The key to human-to-human sustained transmissibility is therefore NOT a simple matter of moving from alpha 2-3 to alpha 2-6. It is the move from cone-shaped 2-6 to umbrella-shaped 2-6 receptors. So if the virus can, indeed, infect humans via the nose and throat cone-shaped alpha 2-6 receptors, we can attribute that to an overwhelmingly devastating whiff of the virus. A huge viral load.
But if H5N1 is to really, really cause a mess, it has to change its affinity from cones to umbrellas/mushrooms. And that, says MIT, is what people need to look for now: A change in geometry, not simply an amino acid change. So we need to think in three dimensions, not two.
To paraphrase my buddy Shakespeare (why I return to Hamlet is unknown to me): Aye, there's the rub: The samples the scientists used were from 1997 and 2004, respectively. They then data-mined the results against other H5N1 substrains. Nowhere in the report does it indicate they matched this against data on Qinghai or Fujian strains of H5N1, nor Clade 2.1 Indonesian H5N1. maybe they did and maybe they didn't. That, apparently, is for the world's scientists to get busy with.
A good place to start looking for that new alpha 2-6 umbrella affinity would be China. The WHO has admitted that human-to-human transmission was probably responsible for the hospitalization of a father, whose son died of confirmed H5N1 last month.
Man in China got bird flu from contact with infected son: officials
BEIJING (AFP) — A man in China contracted bird flu because he was in close contact with his infected son, although the virus had not mutated into a form that is highly contagious among humans, authorities said Thursday.
A 52-year-old man, identified only by his surname Lu, was hospitalised with the potentially deadly H5N1 strain of the virus soon after his son died from it on December 2. Lu has since recovered.
Chinese health ministry spokesman Mao Qunan said Lu's infection was due to close contact with his son, but that the transmission was not technically "human-to-human".
"It has no biological features for human-to-human transmission," he told journalists.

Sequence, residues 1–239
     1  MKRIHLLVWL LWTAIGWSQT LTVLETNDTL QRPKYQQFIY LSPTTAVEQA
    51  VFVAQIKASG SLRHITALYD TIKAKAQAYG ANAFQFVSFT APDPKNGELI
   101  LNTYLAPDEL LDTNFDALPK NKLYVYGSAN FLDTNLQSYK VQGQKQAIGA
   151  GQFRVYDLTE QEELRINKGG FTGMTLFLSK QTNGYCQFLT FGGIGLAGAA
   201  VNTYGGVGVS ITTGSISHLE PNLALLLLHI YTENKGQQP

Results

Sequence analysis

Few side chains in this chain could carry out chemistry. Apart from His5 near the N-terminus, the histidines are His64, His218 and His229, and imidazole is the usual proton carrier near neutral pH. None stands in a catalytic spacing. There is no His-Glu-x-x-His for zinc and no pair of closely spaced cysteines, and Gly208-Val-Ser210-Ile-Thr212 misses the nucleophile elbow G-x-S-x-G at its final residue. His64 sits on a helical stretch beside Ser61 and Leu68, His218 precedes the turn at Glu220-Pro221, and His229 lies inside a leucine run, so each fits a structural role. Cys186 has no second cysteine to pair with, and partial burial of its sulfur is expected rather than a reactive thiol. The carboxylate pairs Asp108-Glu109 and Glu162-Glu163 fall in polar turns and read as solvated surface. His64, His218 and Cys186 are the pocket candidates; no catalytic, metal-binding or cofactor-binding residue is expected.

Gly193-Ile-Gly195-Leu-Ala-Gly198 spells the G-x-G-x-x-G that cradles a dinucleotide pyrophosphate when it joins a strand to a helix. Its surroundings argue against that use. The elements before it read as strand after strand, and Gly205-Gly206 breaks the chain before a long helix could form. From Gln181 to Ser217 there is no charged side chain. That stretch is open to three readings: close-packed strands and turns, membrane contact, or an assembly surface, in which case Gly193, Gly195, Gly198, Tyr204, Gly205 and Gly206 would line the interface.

Like many human cases of bird flu in China, authorities have not been able to identify the source as neither Lu nor his son had close contact with sick or dead poultry prior to infection, he said.
He refused to elaborate on the findings, which was reached by the ministry's expert group on bird flu.
Human-to-human transmission of bird flu remains rare, but experts fear such routes of infection could cause a global pandemic if the virus mutates with each person it infects and becomes more adaptable to humans.
The World Health Organisation (WHO) said Thursday that human-to-human transmission of bird flu in the case of Lu was possible but said it had not mutated into a highly contagious form.
"A human-to-human transmission through close contact between the son and the father cannot be ruled out in this family cluster," Hans Troedsson, the WHO representative in China, told AFP. (bold mine)
"However, the biological findings at this stage show that the virus has not mutated to a form that can be transmitted from human to human efficiently."
Bird flu has so far infected at least 27 people in China, 17 of whom have died.
Maybe, in light of this discovery, CDC should reassess the success or failure of its own experiments. And authorities need to be very careful about making proclamations that the virus has not yet mutated, unless the samples meet this new "umbrella" test. Now how easy or hard is it to conduct this test? I leave that for others to answer. My brain hurts too much for me to start looking again.
Response: Ferrets.News Articles VideoWe were also repeatedly warned that if H5N1 reassorted with human flu, the combination would pack together the alleged severity of the bird virus and the infectiousness of the human one. Yet a 2006 Centers for Disease Control and Prevention study found the opposite: that a genetically engineered reassortment given to ...